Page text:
Bug 174699 - Insecure key generation
Summary: Insecure key generation
Alias: None
Product: Red Hat Enterprise Linux 3
Classification: Red Hat
Component: system-config-network   
(Show other bugs)
Version: 3.0
Hardware: All
OS: Linux
Target Milestone: ---
Assignee: Harald Hoyer
QA Contact:
Whiteboard: impact=low,public=20050429,source=sec...
Keywords: Security
Depends On:
TreeView+ depends on / blocked
Reported: 2005-12-01 15:39 UTC by Josh Bressers
Modified: 2012-06-20 16:09 UTC (History)
2 users (show)

Fixed In Version:
Doc Type: Bug Fix
Doc Text:
Story Points: ---
Clone Of:
Last Closed: 2012-06-20 16:09:13 UTC
Type: ---
Regression: ---
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Documentation: ---
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oVirt Team: ---
RHEL 7.3 requirements from Atomic Host:
Cloudforms Team: ---

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Description Josh Bressers 2005-12-01 15:39:14 UTC
+++ This bug was initially created as a clone of Bug #156371 +++

These issues were reported to secalert@redhat.com by David Martin.

- If you click the "generate keys" button in
system-config-network-gui (rhel 4), as seems the
prudent thing to do, then it generates 24
bytes/characters of key for the connection.  At 8
bits/byte that's 24*8=192 bits, which is appropriate
for 3-key 3DES keys.  But each of these 24 characters
is chosen from [0-9a-f], so each char only contains 4
bits of information -- and those 24 characters only
result in a key that has 24*4=96 bits of entropy, half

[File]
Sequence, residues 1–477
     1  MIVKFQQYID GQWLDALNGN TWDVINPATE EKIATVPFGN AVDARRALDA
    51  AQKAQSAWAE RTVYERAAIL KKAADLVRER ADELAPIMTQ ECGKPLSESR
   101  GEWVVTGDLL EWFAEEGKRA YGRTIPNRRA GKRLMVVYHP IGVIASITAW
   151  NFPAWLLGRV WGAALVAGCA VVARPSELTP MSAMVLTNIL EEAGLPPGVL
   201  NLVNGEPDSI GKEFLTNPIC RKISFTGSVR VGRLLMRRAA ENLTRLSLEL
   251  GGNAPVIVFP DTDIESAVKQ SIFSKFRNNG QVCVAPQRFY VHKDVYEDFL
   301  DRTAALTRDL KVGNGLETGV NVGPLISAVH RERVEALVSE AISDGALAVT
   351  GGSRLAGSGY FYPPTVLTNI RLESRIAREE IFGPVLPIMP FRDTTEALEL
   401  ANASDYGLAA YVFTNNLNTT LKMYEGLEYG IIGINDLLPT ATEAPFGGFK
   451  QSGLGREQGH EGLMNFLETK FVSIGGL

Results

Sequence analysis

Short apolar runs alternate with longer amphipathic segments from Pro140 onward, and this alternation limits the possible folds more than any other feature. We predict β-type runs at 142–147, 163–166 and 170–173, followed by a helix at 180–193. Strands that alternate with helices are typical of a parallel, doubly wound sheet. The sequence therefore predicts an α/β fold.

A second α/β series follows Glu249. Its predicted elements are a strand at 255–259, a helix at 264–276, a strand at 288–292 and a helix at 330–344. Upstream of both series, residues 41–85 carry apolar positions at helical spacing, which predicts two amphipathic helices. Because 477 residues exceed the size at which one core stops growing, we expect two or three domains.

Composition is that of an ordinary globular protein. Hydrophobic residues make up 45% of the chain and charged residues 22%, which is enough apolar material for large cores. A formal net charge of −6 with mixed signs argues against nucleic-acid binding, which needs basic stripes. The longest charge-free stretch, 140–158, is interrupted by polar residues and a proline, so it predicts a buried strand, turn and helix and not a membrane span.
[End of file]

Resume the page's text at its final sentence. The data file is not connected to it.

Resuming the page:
of the desired amount, and also 16 bits less than the
standard minimum 112 bits for 3DES.

- The same utility appears to use the same keys in both
directions of the connection, even though it assigns
them different SPIs.  Using the same key for multiple
directions in a connection is well known to lead to
simple cut-and-paste attacks and other vulnerabilities.

- Presumably for ease of configuration, the utilities
derive the SPIs from the keys themselves.  But these
SPIs leak information about the keys.  Here's an line
from the Python code that generates the SPIs:

conf["SPI_AH_IN"]   = str(zlib.crc32(self.AHKey  +
"IN",  0) & 0x7FFFFFFF)

CRC32 is *not* a one-way function.  The resulting SPI
contains a lot of information about the key it refers
to.  And SPIs are transmitted in cleartext in IPsec.
I'm not sure exactly how many bits this leaks, but
combined with the inherent weakness of the keys above,
this could well lead to a practical procedure for
extracting keys from active connections -- one that
would succeed in the order of days rather than millenia.

Again, these problems are all in the Red Hat
configuration utilities.  IPsec is horribly complicated
so it's natural that administrators will lean on your
configuration utilities to set things up.  There is a
moment of reprieve here in that because the SPI IN/OUT
thing is broken, there probably aren't many vulnerable
connections actually being used.  So when you address
that problem, please make sure you fix these security
weaknesses too.

Comment 1 Jiri Pallich 2012-06-20 16:09:13 UTC
Thank you for submitting this issue for consideration in Red Hat Enterprise Linux. The release for which you requested us to review is now End of Life. 
Please See https://access.redhat.com/support/policy/updates/errata/

If you would like Red Hat to re-consider your feature request for an active release, please re-open the request via appropriate support channels and provide additional supporting details about the importance of this issue.

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